Back in 2012, Facebook launched a mood manipulation study of 700,000 unaware users. The internet found out about the study this week and exploded in anger. Facebook apologized right? Not for the study. They apologized over how the study was communicated to users.
“This was part of ongoing research companies do to test different products, and that was what it was; it was poorly communicated,” Sheryl Sandberg, Facebook’s chief operating officer, told the Wall Street Journal. “And for that communication we apologize. We never meant to upset you.”
Yeah, that’s not what Facebook users want to hear.
These are the first comments made by a Facebook exec since the study blew up in their faces earlier in the week. What happened exactly? Researchers at Facebook tweaked thousands of users’ feeds to show more positive or negative content in an attempt to manipulate the users’ mood.
Did the differing content affect a user’s mood? Yep. Those who saw more negative content tended to write more negative posts. Same goes for those who saw positive content.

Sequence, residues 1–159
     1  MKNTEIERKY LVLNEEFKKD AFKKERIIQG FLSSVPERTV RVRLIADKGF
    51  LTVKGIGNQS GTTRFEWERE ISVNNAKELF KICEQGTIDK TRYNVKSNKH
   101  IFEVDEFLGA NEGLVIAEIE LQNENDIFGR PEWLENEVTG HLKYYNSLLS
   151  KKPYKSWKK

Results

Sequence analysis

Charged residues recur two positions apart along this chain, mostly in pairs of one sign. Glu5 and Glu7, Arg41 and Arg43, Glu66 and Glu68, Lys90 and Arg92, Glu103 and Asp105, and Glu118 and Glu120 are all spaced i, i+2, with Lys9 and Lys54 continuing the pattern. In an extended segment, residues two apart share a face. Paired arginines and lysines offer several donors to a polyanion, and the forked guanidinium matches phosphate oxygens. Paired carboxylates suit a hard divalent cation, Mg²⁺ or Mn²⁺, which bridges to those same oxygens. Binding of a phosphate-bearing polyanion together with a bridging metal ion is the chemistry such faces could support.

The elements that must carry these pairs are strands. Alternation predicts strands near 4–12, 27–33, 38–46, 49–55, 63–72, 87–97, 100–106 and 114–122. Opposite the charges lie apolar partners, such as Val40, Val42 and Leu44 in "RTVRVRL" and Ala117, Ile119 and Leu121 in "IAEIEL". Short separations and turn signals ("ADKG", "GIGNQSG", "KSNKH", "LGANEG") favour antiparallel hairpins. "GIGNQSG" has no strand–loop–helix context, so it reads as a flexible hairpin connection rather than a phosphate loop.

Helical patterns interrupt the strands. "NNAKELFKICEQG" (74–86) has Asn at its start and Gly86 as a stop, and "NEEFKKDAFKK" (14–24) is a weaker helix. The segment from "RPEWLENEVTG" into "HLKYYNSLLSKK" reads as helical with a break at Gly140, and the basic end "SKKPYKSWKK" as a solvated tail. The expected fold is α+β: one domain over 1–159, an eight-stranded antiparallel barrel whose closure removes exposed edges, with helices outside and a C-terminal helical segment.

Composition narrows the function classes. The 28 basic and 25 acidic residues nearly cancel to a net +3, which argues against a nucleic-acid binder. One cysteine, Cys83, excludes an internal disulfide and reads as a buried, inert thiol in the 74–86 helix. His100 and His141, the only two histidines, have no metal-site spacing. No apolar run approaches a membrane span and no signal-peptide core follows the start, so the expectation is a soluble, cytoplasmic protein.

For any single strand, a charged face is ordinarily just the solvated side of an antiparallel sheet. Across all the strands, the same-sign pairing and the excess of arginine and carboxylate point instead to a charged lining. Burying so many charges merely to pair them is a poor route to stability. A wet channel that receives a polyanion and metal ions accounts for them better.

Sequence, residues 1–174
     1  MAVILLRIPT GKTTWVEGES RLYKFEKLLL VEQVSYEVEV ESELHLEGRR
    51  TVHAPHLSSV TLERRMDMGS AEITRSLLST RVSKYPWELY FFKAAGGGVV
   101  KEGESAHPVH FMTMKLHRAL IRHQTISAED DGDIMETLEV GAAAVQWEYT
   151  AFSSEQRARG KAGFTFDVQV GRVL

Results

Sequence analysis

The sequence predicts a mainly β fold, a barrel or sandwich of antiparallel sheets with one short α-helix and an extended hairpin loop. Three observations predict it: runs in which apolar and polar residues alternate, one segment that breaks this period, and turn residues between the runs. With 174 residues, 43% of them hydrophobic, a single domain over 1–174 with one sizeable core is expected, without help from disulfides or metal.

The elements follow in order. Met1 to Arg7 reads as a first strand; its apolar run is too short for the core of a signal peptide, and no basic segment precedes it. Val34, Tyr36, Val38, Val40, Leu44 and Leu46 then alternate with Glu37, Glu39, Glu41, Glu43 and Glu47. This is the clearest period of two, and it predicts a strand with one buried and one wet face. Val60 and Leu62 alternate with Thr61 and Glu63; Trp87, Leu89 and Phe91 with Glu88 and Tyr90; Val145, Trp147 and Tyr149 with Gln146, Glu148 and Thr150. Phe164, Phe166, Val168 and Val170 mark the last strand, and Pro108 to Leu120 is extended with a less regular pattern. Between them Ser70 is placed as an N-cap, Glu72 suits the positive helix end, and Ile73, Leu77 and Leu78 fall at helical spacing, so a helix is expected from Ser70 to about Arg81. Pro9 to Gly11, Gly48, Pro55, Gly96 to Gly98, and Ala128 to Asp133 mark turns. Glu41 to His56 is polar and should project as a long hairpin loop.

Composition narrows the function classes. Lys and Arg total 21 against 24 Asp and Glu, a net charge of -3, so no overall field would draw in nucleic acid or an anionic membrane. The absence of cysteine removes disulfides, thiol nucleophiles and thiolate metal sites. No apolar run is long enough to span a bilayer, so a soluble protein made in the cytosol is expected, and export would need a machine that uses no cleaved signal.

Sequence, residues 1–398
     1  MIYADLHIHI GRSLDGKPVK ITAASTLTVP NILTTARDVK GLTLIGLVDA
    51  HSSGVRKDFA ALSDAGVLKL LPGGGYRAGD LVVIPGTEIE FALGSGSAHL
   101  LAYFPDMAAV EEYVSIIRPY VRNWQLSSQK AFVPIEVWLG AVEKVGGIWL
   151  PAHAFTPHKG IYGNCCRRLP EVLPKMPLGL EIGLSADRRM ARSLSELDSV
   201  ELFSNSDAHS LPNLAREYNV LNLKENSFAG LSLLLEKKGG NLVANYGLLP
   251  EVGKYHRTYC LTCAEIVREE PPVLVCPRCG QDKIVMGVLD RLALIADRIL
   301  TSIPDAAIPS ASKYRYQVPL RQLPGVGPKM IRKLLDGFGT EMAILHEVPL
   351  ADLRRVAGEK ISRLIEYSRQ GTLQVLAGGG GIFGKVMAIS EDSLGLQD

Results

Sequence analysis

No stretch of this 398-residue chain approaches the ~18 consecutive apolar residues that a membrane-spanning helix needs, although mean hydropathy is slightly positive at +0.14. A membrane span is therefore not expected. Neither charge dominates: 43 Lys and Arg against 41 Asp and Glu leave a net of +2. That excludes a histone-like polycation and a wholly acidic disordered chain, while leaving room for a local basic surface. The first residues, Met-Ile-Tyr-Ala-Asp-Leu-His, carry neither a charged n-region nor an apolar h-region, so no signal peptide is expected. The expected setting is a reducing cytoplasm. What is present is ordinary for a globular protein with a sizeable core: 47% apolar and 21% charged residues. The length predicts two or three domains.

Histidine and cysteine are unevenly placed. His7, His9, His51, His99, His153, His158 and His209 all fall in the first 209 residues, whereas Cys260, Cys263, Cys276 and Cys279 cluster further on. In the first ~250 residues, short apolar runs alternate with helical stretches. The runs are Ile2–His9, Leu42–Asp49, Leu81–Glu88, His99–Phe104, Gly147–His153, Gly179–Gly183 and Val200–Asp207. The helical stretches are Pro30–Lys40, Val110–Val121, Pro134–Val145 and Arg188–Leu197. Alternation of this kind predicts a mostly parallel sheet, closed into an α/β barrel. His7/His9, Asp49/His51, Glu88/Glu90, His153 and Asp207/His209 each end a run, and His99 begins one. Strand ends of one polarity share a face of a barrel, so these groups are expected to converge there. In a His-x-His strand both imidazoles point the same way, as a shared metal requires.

Facebook’s total lack of communication surrounding the study was the biggest issue. Which, Sandberg apologized for today. Academics have weighed in after the results of the study appeared in the Proceedings of the National Academy of Sciences. Some believe it was unethical to manipulate a person’s emotions without consent.
Facebook data researchers have had free rein to do what they want.
“There’s no review process, per se,” Andrew Ledvina, who worked at Facebook as a data scientist from 2012 to 2013, told the Journal. “Anyone on that team could run a test,” he said. “They’re always trying to alter people’s behavior.”
Will this blow up lead to some changes? Facebook says they have implemented stricter guidelines. These include research having to be reviewed by a 50-person panel specializing in privacy and data security.
Facebook points out that other companies do similar user studies. Yeah, except they don’t have access to everyone’s daily life. Google tracks links. Amazon tracks shopping patterns. Facebook tracks your personal life.